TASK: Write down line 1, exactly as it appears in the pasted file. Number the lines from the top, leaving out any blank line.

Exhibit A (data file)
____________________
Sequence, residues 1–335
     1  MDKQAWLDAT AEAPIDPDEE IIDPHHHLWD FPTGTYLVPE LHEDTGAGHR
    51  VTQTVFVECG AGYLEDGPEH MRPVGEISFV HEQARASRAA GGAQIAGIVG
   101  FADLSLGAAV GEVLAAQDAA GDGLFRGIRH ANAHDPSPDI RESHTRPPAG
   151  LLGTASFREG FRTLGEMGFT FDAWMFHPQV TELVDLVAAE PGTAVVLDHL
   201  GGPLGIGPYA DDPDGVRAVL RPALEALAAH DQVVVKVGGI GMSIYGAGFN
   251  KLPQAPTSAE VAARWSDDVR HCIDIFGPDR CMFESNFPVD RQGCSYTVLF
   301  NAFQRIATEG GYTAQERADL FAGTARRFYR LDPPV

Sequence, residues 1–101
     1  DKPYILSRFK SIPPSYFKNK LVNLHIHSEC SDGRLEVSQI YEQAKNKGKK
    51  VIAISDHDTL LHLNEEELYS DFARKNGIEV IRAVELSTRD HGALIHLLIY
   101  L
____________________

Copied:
Sequence, residues 1–335